For the first time since 1949, a section of the San Diego Electric Railway, double track at that, is exposed for only a short time before it will be destroyed in Hillcrest. They last saw service on April 23, 1949 as a part of the #7 streetcar line. The City of San Diego is currently restoring the 1914 Georgia St bridge over University Ave. As a part of this project, they are also lowering University Ave between Park Blvd and Florida St.
These tracks represent a bit of San Diego history and I highly recommend a visit in the next week or so before they are gone. Remnants of the former railway are getting harder to find as time passes and more roads are torn up for various projects.
The intersection of Howard Avenue and Alabama Street is a fairly normal intersection. Until today, it was a two-way stop where Alabama St stopped for Howard Ave. This configuration hasn’t been all that successful. Since 2005, there have been four collisions, two of them with injuries. Visibility isn’t great and speeding is common. During peak times, particularly afternoons, traffic can back up on Alabama St due to Howard Ave being busier. To make matters worse, changes resulting from the busway on Park Blvd have added to the traffic on Howard Ave.
A few years ago, I petitioned the City of San Diego to install a stop sign at this intersection. I did so following the first collision and after having a few near collisions of my own. The City initially denied the stop, citing a lack of collisions. They did, however, add two red zones at the intersection on Howard Ave to help increase visibility. It helped for a while. People driving on Howard Ave would still honk at those pulling out from Alabama St that had a hard time seeing traffic coming. Two more collisions occurred before I decided to petition the City again a few months ago. Not long after I did this, yet another collision happened.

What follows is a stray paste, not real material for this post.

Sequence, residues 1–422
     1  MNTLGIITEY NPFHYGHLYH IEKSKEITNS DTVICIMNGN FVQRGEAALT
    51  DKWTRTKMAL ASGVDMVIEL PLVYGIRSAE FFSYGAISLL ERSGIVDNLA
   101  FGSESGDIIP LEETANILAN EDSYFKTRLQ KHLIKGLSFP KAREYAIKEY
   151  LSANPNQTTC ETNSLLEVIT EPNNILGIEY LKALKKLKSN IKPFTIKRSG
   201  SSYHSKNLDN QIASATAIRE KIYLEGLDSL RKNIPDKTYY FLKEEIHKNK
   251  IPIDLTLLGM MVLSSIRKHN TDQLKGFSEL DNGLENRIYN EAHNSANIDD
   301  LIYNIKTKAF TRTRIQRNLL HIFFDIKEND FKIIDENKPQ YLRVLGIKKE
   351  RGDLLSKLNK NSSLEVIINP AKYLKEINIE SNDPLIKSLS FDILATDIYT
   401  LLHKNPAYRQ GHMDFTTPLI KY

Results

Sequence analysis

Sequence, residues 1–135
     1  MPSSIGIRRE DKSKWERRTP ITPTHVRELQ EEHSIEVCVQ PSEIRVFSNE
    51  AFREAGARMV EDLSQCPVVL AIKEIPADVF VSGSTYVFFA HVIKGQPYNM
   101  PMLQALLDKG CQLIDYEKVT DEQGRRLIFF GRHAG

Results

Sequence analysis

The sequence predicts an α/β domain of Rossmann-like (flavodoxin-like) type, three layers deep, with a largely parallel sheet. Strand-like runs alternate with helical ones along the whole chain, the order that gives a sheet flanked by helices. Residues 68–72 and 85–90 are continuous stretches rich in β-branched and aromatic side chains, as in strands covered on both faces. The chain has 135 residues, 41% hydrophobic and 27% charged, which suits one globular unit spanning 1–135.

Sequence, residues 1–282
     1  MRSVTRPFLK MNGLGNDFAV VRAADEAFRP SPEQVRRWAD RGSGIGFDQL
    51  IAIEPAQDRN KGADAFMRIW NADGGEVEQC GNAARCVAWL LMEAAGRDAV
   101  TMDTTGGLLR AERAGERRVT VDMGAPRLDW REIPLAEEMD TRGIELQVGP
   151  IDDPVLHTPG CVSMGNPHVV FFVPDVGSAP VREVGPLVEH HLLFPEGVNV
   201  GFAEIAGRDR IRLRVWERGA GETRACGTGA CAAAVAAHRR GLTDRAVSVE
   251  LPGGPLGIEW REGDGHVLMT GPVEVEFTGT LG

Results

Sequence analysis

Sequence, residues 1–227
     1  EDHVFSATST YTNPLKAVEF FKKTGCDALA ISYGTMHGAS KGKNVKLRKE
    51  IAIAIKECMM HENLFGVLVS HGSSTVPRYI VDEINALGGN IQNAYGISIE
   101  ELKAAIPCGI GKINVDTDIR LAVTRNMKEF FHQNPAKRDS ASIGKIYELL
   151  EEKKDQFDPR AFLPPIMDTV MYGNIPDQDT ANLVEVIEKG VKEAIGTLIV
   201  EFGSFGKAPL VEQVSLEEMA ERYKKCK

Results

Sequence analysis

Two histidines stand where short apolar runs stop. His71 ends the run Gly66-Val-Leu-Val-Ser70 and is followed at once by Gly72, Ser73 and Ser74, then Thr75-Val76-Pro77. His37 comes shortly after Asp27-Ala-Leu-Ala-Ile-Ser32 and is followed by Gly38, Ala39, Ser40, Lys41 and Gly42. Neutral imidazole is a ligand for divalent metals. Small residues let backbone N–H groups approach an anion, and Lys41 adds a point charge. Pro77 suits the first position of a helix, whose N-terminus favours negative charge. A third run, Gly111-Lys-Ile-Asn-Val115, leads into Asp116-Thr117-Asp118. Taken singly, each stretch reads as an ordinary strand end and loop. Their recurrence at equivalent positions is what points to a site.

After I had sent the City the request, I had a phone conversation with the traffic engineer handling the request. I explained the situation, mentioned the collisions, and the pending traffic pattern changes caused by the construction on Park Blvd. They told me they would inspect the intersection and get back to me. In late June, they called me back. This time, the call was to tell me they had approved the stop sign. It seems that with the four collisions, it now qualified for the upgrade. The next day, I saw the traffic engineer marking locations for the limit lines and signs. I spoke with them, thanking them for the approval. In the process, I was also able to convince them to remove the two red zones since they would no longer be necessary. They did agree to remove them and marked the pavement accordingly.
Last Tuesday, July 15, a City crew came out to install signs informing the public that new stop signs would be added soon. Today, July 21, another crew came out to install the signs. I had the chance to speak with them and thank them for coming out. The crew that installed the signs was very friendly and worked quite efficiently. They added the signs, lines, and legends to the intersection as well as cleaned up one of the regulatory signs. It didn’t take long for people to start to stop at the intersection. Pedestrians can now cross the intersection easier, traffic on Alabama St can cross Howard Ave easier, two more parking spots have been added, and traffic is now slowed on Howard Ave.
It has always been my goal to help improve where I live. Those improvements can come in many ways. Getting potholes filled, signs replaced (or even added in this case), cleaning up trash, having graffiti removed, and even helping neighbors when possible are things that anyone can do. I strongly encourage everyone to help improve their neighborhood and make everyone’s lives better. Together, we can all make our cities a great place to live.